PARIS (Reuters) - Members of the U.S.-led coalition fighting Islamic State will meet in Paris next week to reinforce efforts against the group, France’s defense minister said on Thursday, adding that the militants were clearly retreating in Iraq.
France was the first country to join U.S.-led air strikes in Iraq. Since the Paris attacks by Islamic State militants in November, President Francois Hollande has stepped up French aerial operations against Islamic State, including in Syria, contributing about 20 percent of coalition strikes.
“We struck last night in Mosul on a Daesh telecommunications center, a propaganda center. What we can say today is that Daesh is retreating in Iraq,” Jean-Yves Le Drian said on BFM TV, using the pejorative Arabic acronym for Islamic State.
The minister said he would host his U.S., British and German counterparts in Paris next week to refine strategy and discuss tactics. The meeting is scheduled for Jan. 20. “We’ll see how we can intensify our efforts in Iraq and Syria,” Le Drian said.
Islamic State, which was ousted by government forces from the western Iraqi city of Ramadi last month and has been slowly pushed back in other areas, is now on the back foot and French jets had struck seven times since Monday, he said.
Le Drian said that at some point the Iraqi army and regional Kurdish Peshmerga forces supported by the coalition would need to launch the battle for Mosul, the largest city held by Islamic State in Iraq.
“It’s very complicated. We will have to ensure the Iraqi and Kurdish forces are sufficiently battle-hardened to lead this battle,” Le Drian said.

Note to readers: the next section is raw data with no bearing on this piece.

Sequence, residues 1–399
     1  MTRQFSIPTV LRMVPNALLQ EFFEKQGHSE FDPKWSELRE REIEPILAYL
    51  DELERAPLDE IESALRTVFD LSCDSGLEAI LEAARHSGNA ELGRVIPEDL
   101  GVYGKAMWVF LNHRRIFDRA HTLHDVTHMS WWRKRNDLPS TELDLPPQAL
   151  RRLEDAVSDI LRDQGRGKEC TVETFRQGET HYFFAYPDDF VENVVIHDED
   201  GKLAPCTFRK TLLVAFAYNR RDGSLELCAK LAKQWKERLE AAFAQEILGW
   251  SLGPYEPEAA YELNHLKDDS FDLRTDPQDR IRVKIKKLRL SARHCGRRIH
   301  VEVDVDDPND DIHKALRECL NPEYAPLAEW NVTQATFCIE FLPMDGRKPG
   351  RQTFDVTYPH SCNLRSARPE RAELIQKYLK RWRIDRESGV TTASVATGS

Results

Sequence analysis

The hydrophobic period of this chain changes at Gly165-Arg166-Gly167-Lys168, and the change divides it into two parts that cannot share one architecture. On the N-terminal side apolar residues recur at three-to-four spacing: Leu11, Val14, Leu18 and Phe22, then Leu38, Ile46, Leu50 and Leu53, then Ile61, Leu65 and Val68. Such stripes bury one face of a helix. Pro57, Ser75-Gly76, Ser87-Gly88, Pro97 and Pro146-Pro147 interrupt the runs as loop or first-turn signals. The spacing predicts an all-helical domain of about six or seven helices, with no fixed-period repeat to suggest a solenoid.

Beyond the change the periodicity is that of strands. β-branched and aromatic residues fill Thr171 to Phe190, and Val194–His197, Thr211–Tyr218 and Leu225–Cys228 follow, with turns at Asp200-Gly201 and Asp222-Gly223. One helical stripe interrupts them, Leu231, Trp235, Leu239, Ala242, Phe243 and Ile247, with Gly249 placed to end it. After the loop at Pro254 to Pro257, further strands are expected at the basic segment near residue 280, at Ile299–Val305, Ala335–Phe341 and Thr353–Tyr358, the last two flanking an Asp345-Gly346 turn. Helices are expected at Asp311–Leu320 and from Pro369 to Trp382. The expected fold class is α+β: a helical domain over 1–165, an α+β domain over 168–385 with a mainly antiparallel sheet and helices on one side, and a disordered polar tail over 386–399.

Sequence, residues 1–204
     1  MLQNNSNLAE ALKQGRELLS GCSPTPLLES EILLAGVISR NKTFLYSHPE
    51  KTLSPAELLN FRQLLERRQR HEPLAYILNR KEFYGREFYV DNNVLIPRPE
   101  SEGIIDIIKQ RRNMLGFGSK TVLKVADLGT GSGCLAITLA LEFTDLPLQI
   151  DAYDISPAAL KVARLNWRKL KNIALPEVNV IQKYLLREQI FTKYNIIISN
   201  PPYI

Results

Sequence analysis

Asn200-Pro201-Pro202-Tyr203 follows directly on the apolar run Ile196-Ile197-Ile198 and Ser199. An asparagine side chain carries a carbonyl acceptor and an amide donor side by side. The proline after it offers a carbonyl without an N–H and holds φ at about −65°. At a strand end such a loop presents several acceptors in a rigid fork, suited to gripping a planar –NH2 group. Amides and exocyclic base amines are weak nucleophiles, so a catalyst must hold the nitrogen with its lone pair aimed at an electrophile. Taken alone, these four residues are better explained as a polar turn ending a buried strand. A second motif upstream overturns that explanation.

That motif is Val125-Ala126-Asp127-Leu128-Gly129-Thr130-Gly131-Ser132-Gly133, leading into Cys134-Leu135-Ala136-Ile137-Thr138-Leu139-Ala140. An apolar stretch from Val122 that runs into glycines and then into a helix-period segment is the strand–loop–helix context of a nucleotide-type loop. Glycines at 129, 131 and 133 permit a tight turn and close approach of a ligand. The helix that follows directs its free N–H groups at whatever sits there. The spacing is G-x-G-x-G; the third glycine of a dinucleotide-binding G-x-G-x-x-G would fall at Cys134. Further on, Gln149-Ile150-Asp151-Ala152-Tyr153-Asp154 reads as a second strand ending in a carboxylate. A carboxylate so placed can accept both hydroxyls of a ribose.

French officials have been critical this week of Russian strikes in Syria, with Foreign Minister Laurent Fabius saying Moscow had to immediately stop bombing civilians, something that was hindering efforts to hold peace talks later this month.
Russia intervened in September in the civil war on the side of Syrian President Bashar al-Assad.
“If the principal Russian objective is to fight Islamic State, then they must first hit Islamic State. At the moment that is not the case, and there is a very strong tendency for it to strike rebels, the moderate opposition fighting Bashar al-Assad,” he said.
Russian Foreign Ministry spokeswoman Maria Zakharova said on Thursday the French accusations were “strange and flimsy”.
“Making these accusations ..., France’s foreign ministry is not basing (them) on concrete facts but rather employs someone else’s fiction and propaganda cliches,” Zakharova told a weekly news briefing.
Reporting by John Irish, Andrew Callus and Emmanuel Jarry; Editing by James Regan and Mark Heinrich